Hey guys! I took the photo of the redhead family (#13) and I am not the father! We did try to get the shot several times and It was not a composited image! Also funny that you taught the same thing for my kids with the Cheerios shot in the family photos critique (that the photographer was the father!);) Here's the SOOC image! Thanks for the review and the comparison to Normal Rockwell. You made me very happy! ;) Cheers guys!

Patrick Hall's picture

Wow, you've had 2 images make our critique and both images we thought maybe the photographer was in the photograph? That's crazy! I wonder what it is about your images that make us think that....I'm guessing you are pretty consistent with your style which is a great thing to have as a photographer. Whichever way you look at it, it's still a pretty cool photograph.

Denis Girard's picture

Thanks a lot Patrick! I appreciate it! ;) I like to think I'm consistent! Merry Christmas. ;)

Mike Freestone's picture

"Bubble" by Juan Felipe Rangel.

This is a rare time that I think you're completely wrong Patrick!

For whatever it's worth, I give this a 5 star rating. I think it's one of the most beautiful contrasts I've ever seen, and I'm not usually one to read too deep into a photo. But here's what I absolutely love about this image:

1. From her facial to her whole body, the girl's expression is one of the most genuine and unique expressions I've seen in a photo. Her anticipation for what's about to happen is amazing.
2. The connection in this perfect moment between two subjects that seem to come from two completely different worlds. The young girl, looking very well dressed and presented, on the grungy streets of New York, having that genuine connection with an older man from the streets.
3. The contrast between the two, from their appearance, history, race and age all make the moment more beautiful in my mind. Especially with a lot of the things happening around the world today.

Just my opinion, but I love it.

I don't disagree with any of those points about the juxtaposition and the timing, other than it could arguably make it a 5 star candid street photography photo, but it's not lifestyle IMO.

Mike Freestone's picture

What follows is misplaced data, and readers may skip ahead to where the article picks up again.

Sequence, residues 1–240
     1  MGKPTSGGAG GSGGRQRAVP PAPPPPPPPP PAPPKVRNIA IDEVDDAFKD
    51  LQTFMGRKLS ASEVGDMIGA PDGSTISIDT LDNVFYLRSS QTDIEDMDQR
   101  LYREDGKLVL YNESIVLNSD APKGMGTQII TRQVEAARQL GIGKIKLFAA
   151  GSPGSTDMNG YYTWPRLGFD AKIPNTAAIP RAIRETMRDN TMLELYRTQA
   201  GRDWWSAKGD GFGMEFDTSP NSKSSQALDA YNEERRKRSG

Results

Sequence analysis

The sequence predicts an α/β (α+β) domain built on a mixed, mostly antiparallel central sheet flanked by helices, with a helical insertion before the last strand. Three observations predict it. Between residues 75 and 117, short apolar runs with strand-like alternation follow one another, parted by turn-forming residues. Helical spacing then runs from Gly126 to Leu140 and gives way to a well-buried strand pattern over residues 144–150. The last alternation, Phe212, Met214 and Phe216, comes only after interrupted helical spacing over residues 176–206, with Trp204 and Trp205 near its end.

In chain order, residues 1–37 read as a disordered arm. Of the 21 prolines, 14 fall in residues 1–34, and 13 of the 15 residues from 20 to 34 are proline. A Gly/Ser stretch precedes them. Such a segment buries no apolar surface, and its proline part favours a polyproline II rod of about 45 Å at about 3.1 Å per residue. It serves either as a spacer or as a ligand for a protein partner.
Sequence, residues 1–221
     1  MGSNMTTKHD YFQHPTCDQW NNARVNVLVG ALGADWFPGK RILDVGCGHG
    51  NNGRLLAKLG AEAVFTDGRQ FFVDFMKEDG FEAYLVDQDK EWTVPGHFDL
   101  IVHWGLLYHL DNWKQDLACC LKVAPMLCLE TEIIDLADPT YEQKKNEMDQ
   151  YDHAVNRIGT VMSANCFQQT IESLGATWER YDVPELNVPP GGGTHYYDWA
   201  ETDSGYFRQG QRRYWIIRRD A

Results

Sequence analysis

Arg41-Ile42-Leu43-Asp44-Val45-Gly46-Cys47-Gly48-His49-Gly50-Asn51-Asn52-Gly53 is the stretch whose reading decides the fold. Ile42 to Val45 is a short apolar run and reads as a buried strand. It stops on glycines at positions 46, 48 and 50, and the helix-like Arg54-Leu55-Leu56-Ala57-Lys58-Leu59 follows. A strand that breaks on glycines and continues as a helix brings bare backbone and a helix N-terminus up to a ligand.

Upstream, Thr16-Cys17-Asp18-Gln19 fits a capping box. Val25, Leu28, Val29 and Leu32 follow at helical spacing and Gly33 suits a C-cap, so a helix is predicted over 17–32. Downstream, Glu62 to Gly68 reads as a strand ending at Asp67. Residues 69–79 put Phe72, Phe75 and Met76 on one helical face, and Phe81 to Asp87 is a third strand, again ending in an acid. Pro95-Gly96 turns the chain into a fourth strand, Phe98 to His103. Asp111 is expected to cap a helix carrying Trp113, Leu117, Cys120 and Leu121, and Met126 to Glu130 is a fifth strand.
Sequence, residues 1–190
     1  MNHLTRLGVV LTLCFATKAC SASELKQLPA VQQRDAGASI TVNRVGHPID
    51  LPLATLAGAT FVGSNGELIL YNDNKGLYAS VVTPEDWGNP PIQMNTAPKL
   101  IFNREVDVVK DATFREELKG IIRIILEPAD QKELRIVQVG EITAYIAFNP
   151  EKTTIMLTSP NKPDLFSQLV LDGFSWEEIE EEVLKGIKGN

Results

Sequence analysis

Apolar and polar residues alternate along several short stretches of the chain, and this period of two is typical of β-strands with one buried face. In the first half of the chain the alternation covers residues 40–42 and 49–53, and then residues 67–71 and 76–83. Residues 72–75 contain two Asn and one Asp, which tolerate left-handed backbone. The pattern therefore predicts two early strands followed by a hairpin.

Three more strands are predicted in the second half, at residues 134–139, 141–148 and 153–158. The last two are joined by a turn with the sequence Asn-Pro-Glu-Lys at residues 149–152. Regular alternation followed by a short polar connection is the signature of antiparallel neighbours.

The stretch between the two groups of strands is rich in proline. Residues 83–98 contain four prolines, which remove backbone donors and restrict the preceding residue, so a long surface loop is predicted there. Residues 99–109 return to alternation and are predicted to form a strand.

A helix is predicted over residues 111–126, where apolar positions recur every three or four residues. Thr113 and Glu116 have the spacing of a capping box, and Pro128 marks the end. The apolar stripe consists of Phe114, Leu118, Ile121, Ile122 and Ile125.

Yeah I agree with you 100%. But in the past whenever they see a photo that's been submitted out of category, they usually rated according to the style they see it fits . But you're right, I forgot to mention that I would consider the street photography as well. Thanks!

Patrick Hall's picture

I could actually see giving it a star higher than I did now that I've stepped away from it for a while. You make valid points and at the end of the day, even though it isn't really a lifestyle image, it's still a pretty cool photograph.

Juan Felipe Rangel's picture

Thank so much to the FStoppers community. This is the first time that I've sent an image for critique and I got so much more than I ever expected, even a fantastic new bag!!

I definitely understand the "commercial" lacking aspect of the image and it is going to be something that I will have in my mind from now on.

Thanks to everyone who took the time and shared their opinions about "Bubble".

But don't forget that not all images need to be commercially viable or look like an advertisement! That's simply one perspective but by no means should that influence how you shoot.

Leigh Smith's picture

The climbing shot: She has tape on here finger. It is used to cover cuts and blisters, etc. And also used to prevent such minor injuries. Crack climbing one of the more difficult and physically demanding types of climbing. Your hand scan get wrecked!

Juan Felipe Rangel's picture

Not a better way to end/start the year!!

Thank you so much for my new Hex Bag. It is an incredible piece of equipment.

little blurry but took it in a hurry to show you guys!!

David Strauss's picture

So glad you like it! Put it to good use!